One year ago I attended my very first portfolio review event so that I could have my portfolio critiqued by five different professionals in the photography and art world. I had no idea what to expect, no pre-conceived notions of how it would go or how it should go. I was looking for unbiased answers to the question of how my art is perceived. I can’t say that I got unbiased answers, but I did get some advice that stuck with me in a big way. I heard everything from “never change what you do” and “trust your gut” to “if you want to be a professional in this industry, you have to change almost everything”. It was a confusing day to say the least.
What I left with was a few amazing, albeit hard to hear, tips about the fine art world. I was told that if I wanted to climb my way up I would need to produce a series, focus on concept, and revamp my style. A couple of weeks later I spoke with one of my gallery reps and she echoed those sentiments. It started me thinking in a new way and triggered the conception of a new series that I would go on to produce from December 2015 until September 2016. I worked in a drastically different way to how I had before. I used my hands, got dirty, took hundreds of hours total to make sets, and thought about the concept like an onion with lots of moving parts.
When I was in that portfolio review, I remember this overwhelming sense of defeat. The words that one woman told me were vibrantly negative – that I had a slim chance of showing in NYC, that my work is meaningless, and so on. I don’t say that so you feel bad for me; quite the opposite. I have grown a thick skin to words like those. I tell you this because it sparked something in me to do better, to be more, and to strive for what I could not yet see. I didn’t take most of the advice from those portfolio reviews, but what I did take has been instrumental in my growth this past year.
Like many people, I often view myself as the underdog. I never expect good things. I am constantly surprised by success, which is why I am able to see the smallest good moments as big boons. I grew up never being the best at anything I attempted. I was below average in school, always made the “B” sports teams, and every time I tried art my sister was overwhelmingly better. My career thus far and the last week has taught me so many lessons in what it means to try and fail. The biggest lesson is this: if you try and fail so many times, you are bound to finally succeed. The biggest reason most people ultimately do not succeed in their desires is because they put an arbitrary timeline on when they can achieve success.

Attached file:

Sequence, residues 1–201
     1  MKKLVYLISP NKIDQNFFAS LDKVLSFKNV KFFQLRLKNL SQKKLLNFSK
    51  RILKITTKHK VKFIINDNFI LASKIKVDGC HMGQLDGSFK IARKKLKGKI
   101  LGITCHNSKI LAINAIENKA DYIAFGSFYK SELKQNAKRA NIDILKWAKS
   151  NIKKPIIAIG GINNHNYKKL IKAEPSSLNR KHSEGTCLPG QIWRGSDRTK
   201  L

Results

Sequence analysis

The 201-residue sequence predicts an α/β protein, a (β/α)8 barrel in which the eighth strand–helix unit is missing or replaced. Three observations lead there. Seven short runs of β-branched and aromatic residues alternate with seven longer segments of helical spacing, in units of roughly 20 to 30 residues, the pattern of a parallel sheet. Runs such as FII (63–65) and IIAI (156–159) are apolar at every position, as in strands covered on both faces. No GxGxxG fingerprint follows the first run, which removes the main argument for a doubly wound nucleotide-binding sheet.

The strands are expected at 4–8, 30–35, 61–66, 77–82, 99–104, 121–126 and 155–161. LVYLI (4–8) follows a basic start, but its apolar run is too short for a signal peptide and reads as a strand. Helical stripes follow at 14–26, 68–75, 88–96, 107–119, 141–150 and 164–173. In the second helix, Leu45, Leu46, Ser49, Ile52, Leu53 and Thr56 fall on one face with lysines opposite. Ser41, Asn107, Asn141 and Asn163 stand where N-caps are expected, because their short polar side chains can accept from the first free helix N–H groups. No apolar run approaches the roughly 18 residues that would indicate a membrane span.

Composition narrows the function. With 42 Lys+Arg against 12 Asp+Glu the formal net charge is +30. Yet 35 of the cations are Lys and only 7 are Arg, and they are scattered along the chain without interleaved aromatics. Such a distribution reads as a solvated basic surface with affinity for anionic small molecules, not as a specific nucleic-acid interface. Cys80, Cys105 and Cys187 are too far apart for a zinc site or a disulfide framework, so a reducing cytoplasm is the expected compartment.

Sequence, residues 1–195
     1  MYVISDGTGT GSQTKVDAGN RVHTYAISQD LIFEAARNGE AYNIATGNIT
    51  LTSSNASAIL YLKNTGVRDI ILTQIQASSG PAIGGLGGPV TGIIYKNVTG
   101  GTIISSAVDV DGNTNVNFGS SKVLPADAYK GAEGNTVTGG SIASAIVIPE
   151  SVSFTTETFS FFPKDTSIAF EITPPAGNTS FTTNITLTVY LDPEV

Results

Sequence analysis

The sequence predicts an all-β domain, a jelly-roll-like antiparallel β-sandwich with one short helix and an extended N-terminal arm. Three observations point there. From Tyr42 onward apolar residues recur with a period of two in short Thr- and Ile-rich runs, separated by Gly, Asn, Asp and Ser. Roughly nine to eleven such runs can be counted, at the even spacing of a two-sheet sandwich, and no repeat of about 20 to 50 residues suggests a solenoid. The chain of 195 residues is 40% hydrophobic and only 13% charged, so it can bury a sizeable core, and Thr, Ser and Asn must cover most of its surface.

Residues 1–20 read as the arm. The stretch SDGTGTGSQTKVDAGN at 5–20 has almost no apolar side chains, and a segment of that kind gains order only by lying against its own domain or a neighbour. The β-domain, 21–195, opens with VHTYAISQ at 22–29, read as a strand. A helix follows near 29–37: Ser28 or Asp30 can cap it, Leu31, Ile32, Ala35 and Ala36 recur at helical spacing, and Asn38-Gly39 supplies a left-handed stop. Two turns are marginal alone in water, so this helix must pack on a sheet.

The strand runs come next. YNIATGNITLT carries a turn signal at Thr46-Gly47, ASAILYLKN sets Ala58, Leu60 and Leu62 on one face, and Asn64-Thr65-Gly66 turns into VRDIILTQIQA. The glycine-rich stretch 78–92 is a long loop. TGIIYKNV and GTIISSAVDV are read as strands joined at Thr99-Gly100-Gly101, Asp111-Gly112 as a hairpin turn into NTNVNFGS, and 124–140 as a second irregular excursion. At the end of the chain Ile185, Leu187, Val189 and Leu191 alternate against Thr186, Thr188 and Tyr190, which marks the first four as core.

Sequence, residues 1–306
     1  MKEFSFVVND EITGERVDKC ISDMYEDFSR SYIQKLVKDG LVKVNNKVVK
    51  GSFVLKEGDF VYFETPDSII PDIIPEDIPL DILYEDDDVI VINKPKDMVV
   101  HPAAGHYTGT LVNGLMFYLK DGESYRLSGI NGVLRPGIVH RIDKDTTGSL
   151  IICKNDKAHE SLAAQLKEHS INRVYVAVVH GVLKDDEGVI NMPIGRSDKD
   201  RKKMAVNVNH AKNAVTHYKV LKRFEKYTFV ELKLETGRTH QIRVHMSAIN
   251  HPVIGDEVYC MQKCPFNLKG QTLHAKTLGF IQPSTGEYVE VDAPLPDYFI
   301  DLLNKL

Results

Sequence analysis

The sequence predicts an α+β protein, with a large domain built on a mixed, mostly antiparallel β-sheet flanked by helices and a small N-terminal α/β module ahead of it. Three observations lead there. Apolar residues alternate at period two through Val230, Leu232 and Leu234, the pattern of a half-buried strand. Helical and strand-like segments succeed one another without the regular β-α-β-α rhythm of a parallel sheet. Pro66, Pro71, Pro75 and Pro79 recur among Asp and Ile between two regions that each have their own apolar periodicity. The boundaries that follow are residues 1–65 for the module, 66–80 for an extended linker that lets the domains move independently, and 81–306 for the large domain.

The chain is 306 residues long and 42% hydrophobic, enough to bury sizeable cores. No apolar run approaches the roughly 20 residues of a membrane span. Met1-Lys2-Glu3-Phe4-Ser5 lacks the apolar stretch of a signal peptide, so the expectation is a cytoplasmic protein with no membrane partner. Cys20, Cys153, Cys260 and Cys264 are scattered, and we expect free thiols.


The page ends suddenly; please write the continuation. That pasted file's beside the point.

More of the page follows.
I finished my new series and my gallery really liked it. They agreed to give me a solo show in Chelsea in NYC in January. I entered it into some award competitions, and today I was told that the series took 1st place in the Fine Art category and was the Grand Prize winner overall at the ND Awards.
These things don’t happen to me. That is the narrative I’ve had in my head my whole life. I’m not good at anything. I lack natural talent. I’m unlucky. This is what I tell myself so that I don’t feel as bad for not achieving what others around me have achieved. Today I stop that narrative. Today I stop telling myself that story and start telling myself a new one. And that story is this.
I am successful at what I do not because of accolades but because I wake up every day and show up to work.
I am successful at what I do because I have a message and I create to help others.
I am successful at what I do because I try so damn hard.
I am successful at what I do because I do it with passion.
That is my story. And I hope you will adopt it as your story, too. This year has taught me a lot about the importance of trust. I came out of my portfolio reviews with self-hatred twisting through my body. I was angry at myself. I felt I hadn’t tried hard enough. I let a reviewer tear me down and I felt myself believing every word she said. But after a few hours of sitting with the idea that what I love to do might not be good enough, I finally asked myself an all-important question: Good enough for who?
I got to work creating images that were good enough for me. Concepts that were good enough for me. A new way of creating that fit in with what I wanted to do. And this time, life saw fit to smile upon the effort. I know it won’t always turn out like that. I won’t always get that coveted solo show or a big prize. But today I hope that it is proof to you that if you stick with your dreams, you might just find yourself where you want to be. It won’t happen every time. Never expect it to. But it might happen when you least expect it.
If you are reading this and thinking that I’m different from you somehow, please don’t. I don’t come from money to create my images, I don’t cultivate contacts in the industry and I stubbornly refuse to mill about social gatherings to make impressions with “important people”. I create and I hope that it impacts as many people as possible. Take your unique gift and keep working at it. Work hard at it. Show up to do the work. Chances are, it will pay off.
What stories do you tell yourself, and how are you changing them?
Thank you to ND Awards for granting me the honor of Photographer of the Year 2016, it is a true honor that has taken me entirely by surprise. (I’m not the type that wins things…but I’m trying to change that story.) Check out the other winners and entries!
Thank you to JoAnne Artman Gallery, who will have my new series, Fourth Wall, on display in NYC next year. More details to come.
Finally, I will be sharing the series that won the award with you in the next month or so!